Iranian and Turkish media have pushed conspiracy theories about the US-led coalition and the defeat of Islamic State in Syria. As the Syrian Democratic Forces (SDF) – the main partner of the coalition in the anti-ISIS battle – defeats ISIS in Syria, both Ankara and Tehran appear to have a different narrative.
Iran has sought to highlight US "support" for ISIS in the past and claimed that Iran played the main role in its defeat. ISIS would have overrun Europe if not for Iran, Iranian foreign ministry spokesman Bahram Qassemi said on Sunday. Last year, Turkey argued that ISIS was no longer a threat and that the US was prolonging the war needlessly.
Iran's Press TV claimed last week that local sources had told them that the "US [is] giving Daesh [ISIS] a safe passage in east Syria under a gold deal." The "local source" was actually the Syrian regime's SANA media. "The gold has been carried away from the province's Al-Baghouz area on board helicopters," Iran's media claimed. In return for the gold, the US allowed ISIS ringleaders to escape. The report also included a link to another report claiming that the US had "evacuated" ISIS militants and their families from Baghuz.
Still, Press TV carried another story on February 28, claiming that "protected by the US, Daesh leader al-Baghdadi is traveling across Iraq's western desert." The source for this was allegedly an Iraqi lawmaker named Hassan Salem. "He is being provided with US support at Anbar's Ain al-Assad military base and is traveling freely between Iraq and Syria," Salem was quoted as saying.
An element of the same report about gold being transported showed up in Turkey's pro-government Daily Sabah newspaper. The "US army transported 50 tons of gold from Syria," the report said.
According to this account, the original source was Bas News Agency, a Kurdish channel. "US forces transferred about 50 tons of gold from areas seized from Daesh terrorists in eastern Syria's Deir al-Zour region and gave a portion of the remaining gold to the PKK's Syrian offshoot the People's Protection Units (YPG)."
The Turkish article also claimed that "local sources," the same ones who had spoken to SANA, had information that "large boxes containing Saesh's gold treasure from the al-Dashisheh region" had been put on trucks and taken to a US military base in Kobani. The strange amount of 40 tons of "gold bullions [were] stolen by Daesh terrorists from Iraq's Mosul province [and] was also taken by US forces," the report said. It wasn't entirely clear if the 40 tons was in addition to the 50 tons mentioned in the Iranian report.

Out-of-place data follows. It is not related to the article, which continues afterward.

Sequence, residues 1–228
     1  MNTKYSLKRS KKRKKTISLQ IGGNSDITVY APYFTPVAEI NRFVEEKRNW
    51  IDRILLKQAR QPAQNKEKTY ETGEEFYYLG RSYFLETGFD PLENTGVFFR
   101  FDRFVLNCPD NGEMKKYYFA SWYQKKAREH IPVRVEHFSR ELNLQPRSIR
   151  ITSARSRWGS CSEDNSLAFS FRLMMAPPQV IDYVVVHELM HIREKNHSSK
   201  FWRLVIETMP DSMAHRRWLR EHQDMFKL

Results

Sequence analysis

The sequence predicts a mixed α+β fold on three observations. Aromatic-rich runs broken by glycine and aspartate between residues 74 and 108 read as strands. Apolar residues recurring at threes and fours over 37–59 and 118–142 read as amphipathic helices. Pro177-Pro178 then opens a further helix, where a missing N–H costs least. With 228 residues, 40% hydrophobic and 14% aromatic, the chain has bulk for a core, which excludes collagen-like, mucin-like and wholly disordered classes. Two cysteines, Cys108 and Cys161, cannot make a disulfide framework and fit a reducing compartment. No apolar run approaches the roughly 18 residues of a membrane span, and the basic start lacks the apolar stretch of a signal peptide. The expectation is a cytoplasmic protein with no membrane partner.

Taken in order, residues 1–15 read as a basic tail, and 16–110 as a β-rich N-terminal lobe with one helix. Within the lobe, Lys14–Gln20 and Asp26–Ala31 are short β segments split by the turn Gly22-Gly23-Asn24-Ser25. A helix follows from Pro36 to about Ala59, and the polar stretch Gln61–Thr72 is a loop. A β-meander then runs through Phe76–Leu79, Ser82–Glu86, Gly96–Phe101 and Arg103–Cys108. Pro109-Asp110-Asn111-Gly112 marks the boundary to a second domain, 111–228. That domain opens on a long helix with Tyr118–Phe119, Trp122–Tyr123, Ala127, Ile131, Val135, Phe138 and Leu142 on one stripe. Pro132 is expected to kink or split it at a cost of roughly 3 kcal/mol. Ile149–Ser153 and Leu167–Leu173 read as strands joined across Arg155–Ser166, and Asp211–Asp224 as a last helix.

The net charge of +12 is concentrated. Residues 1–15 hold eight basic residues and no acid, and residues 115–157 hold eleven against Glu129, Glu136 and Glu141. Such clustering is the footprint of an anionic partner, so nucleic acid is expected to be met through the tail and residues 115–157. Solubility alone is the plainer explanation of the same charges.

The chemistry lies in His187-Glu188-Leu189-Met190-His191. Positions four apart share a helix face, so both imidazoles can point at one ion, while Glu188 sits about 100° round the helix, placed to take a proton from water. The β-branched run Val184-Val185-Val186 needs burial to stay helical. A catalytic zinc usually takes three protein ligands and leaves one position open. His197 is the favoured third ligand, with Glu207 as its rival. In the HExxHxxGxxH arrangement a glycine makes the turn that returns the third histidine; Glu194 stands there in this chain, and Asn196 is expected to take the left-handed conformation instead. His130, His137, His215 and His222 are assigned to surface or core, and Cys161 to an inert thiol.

However, the SANA report did not include any specific amounts of gold. The report by the new agency from February 26 claimed that "Washington gets tens of tons of gold" in exchange for providing the safe passage "for terrorists and their leaders." According to the Damascus regime media, the tens of tons were added to "other tons of gold" that the US found in various ISIS hideouts, and noted that this totaled "50 tons, leaving only scraps for the SDF militias that serve [the Americans]." SANA media then said that there were 40 tons of gold still in Baghuz, where the siege was taking place and added that US helicopters were looting the "spoils." All of these stories may have been borrowed from the Hollywood 1999 film Three Kings, which involved the search by US soldiers for "gold bullion" allegedly stolen from Kuwait by Saddam Hussein's army in 1990.
The conspiracies, which are manufactured in Damascus, are disseminated to Iraq and Turkey, both of whom oppose US policy in eastern Syria. They are then used to paint the US role in fighting ISIS as revolving around other concerns, such as monetary gain. Iran and its allies have often portrayed the US role in Iraq and Syria as supporting ISIS, rather than fighting it. For example, PressTV ran a headline on February 25 claiming that the US was involved in the "rearing of Daesh." Turkish media also tends to cast doubt on the US, specifically over its role in Syria and accuse it of supporting the PKK, which Ankara says is linked to the YPG and SDF. According to this narrative, the US seeks excuses to remain in Syria, thereby prolonging the war with ISIS.
Seth Frantzman is The Jerusalem Post's op-ed editor, a Writing Fellow at the Middle East Forum, and a founder of the Middle East Center for Reporting and Analysis.